A second allergen exposure causes cross-linking of IgE molecules on mast cells and basophils which results in degranulation of pro-inflammatory mediators. Allergen-specific IgE can be detected many months after the sensitization phase despite the fact that IgE has a very short half-life.

This suggests that small amounts of allergen-specific IgE are constantly secreted by long-lived IgE producing plasma cells. The development, turnover and fate of IgE producing cells in vivo are largely unknown. Therefore, we propose to study these important issues by using genetically modified mouse strains and cutting edge technology. The reporter mice will allow us to isolate IgE-producing cells so that we can determine their gene expression profile. Furthermore, we will determine the turnover and lifespan of IgE producing cells in vivo by BrdU incorporation. Finally, we will generate an IgE-Cre knock-in mouse to specifically delete conditional alleles in IgE-producing cells.

Taken together, these important experiments will help us to better understand the biology of IgE-producing cells and may result in development of novel therapeutic strategies. Researcher PI Domenico Marinucci. Summary This is an interdisciplinary project at the interface between Mathematical Statistics, Probability and Cosmological Applications. The principal focus is on the harmonic analysis for isotropic, mean square continuous spherical random fields, with a view to applications to Cosmic Microwave Background radiation data analysis.

Project Patristic sermons in the Middle Ages. The dissemination, manipulation and interpretation of late-antique sermons in the medieval Latin West. The sermons of Augustine, Gregory the Great and other patristic preachers were transmitted throughout medieval Europe in the form of sermon collections, preserved in thousands of manuscripts.

Nearly every manuscript contains a new combination of sermons, attesting to a continuous, widespread engagement with the authorities of the Early Church. The dynamic tradition of reorganising and rewriting the patristic heritage is largely overlooked by scholars of medieval religious practices, who concentrate on medieval preachers, and by scholars of Early Christianity, whose focus is the patristic context.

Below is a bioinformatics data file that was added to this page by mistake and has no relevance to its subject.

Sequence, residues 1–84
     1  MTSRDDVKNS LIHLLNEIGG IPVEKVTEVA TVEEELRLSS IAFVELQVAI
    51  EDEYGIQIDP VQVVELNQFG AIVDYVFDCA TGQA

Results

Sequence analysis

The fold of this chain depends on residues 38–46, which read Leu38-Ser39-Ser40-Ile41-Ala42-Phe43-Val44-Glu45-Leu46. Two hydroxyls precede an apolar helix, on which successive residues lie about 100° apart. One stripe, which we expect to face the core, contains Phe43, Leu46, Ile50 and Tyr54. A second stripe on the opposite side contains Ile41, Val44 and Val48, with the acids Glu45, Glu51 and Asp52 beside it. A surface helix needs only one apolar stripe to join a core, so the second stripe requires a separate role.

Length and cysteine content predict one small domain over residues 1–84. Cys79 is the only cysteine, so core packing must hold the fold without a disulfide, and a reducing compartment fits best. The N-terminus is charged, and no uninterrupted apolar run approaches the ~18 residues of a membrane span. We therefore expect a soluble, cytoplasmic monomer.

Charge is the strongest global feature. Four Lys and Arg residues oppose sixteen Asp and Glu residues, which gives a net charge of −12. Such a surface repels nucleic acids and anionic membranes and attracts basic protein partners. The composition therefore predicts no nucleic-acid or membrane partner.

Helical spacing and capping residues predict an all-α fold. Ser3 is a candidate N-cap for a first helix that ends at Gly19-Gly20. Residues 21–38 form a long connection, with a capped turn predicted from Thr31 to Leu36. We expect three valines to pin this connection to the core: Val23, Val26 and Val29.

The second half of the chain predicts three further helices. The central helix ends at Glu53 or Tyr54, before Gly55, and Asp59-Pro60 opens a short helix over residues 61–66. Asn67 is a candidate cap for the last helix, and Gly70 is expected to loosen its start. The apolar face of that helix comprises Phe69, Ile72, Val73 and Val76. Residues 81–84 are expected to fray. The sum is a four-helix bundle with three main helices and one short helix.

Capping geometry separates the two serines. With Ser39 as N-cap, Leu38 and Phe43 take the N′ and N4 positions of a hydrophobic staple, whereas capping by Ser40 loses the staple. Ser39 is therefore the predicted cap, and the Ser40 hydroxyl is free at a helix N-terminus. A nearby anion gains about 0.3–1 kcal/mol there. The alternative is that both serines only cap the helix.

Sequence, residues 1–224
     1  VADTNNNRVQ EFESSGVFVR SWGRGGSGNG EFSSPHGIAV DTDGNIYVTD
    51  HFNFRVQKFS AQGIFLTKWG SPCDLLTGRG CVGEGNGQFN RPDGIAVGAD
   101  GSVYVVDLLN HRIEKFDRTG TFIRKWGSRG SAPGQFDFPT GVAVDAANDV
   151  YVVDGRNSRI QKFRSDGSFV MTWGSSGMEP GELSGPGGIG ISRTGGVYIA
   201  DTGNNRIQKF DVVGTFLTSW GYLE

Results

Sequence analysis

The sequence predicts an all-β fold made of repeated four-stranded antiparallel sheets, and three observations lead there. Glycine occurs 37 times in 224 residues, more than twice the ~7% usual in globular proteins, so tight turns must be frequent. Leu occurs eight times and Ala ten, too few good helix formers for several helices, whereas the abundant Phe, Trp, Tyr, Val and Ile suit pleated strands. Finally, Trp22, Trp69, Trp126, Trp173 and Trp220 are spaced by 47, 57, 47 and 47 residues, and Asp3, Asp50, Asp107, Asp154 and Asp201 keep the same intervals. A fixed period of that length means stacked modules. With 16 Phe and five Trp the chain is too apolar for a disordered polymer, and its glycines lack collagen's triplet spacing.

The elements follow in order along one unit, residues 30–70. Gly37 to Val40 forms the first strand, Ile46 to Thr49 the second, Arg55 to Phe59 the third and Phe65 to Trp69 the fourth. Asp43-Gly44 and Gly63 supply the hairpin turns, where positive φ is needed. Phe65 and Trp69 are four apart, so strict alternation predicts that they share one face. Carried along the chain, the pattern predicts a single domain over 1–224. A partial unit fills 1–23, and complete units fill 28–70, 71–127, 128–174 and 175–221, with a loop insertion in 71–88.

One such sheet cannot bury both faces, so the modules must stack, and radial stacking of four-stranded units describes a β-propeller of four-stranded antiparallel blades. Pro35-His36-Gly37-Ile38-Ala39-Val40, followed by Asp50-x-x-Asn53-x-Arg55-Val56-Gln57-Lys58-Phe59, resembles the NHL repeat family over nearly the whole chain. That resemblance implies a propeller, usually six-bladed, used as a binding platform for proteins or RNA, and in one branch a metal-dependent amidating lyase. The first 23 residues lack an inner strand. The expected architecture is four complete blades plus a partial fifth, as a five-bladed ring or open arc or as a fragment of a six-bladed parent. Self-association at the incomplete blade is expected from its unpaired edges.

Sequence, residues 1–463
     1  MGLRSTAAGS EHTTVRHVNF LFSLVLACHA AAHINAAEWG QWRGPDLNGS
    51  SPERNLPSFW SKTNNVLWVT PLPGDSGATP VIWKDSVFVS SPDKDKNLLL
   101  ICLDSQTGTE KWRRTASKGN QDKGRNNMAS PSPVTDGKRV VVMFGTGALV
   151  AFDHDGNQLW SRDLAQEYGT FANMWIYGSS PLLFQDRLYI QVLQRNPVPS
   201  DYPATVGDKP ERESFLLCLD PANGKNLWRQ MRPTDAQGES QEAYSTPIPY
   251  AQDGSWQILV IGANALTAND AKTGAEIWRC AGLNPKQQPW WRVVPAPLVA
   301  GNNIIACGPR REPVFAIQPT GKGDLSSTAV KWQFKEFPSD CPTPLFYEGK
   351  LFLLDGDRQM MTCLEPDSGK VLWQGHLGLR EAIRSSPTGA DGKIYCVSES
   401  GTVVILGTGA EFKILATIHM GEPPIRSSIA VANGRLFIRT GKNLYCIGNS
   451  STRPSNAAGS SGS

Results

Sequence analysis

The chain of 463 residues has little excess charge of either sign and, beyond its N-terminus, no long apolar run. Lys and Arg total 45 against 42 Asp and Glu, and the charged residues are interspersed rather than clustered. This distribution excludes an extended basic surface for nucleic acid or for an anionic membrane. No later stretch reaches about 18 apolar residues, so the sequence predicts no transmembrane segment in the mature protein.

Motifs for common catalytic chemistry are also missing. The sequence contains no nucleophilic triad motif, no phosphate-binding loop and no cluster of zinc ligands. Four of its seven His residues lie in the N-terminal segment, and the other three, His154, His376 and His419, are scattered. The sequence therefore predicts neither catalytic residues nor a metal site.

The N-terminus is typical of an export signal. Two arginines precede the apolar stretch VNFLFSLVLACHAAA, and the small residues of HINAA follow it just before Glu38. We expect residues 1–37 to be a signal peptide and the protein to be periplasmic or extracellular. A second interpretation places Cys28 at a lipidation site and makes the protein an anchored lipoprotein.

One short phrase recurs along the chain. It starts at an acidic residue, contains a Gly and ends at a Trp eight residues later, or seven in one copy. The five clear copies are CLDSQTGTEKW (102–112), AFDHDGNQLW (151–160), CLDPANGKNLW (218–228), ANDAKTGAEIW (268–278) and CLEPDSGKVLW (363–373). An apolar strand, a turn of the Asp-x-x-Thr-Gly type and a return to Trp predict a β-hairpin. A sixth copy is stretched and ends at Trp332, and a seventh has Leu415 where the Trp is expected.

Medieval collections of patristic sermons were part of the liturgical life of the monastery, but also of an intellectual tradition. They offer unique insights into medieval attitudes toward authority, techniques of appropriation, church organisation, monastic networks and knowledge exchange. PASSIM will execute the first large-scale analysis of the formation and spread of patristic sermon collections in medieval Europe. The project will develop a digital network of manuscripts, using well-tried principles from the field of textual criticism.

Building on this network, PASSIM will pursue three lines of inquiry: the customizing of standard liturgical collections as indicative of individual purposes and contexts, the impact of transmission on the popularity of patristic sermons, and pseudo-epigraphic sermons as revelatory of medieval perceptions of the Church Fathers. PASSIM will bridge two disciplinary divides, between patristic and medieval sermon studies and between textual criticism and reception studies.

Developing an interdisciplinary methodology with a wide applicability in the study of intellectual history, this project will introduce patristic preaching as a vibrant strand in the tapestry of the medieval religious tradition. Researcher PI Oliver Wurl. The oceans are huge reservoirs of CO2, and a better understanding on how the oceans absorb CO2 is critical for predicting climate change. The sea-surface microlayer SML , the aqueous boundary layer between the ocean and atmosphere, plays an important role in the exchange of gases between the ocean and atmosphere.

The effects of the SML on air-sea gas exchange have been widely ignored by past and current research efforts due to uncertainties to what extent the SML covers the oceans. However, we recently reported the ubiquitous coverage of the oceans with SML, which pushes the SML into a new and wider context that is relevant to many ocean and climate sciences. I propose experiments at multiple scales, i. I propose a systematic field study measuring air-sea CO2 fluxes and mapping chemical, biological and physical properties of the SML.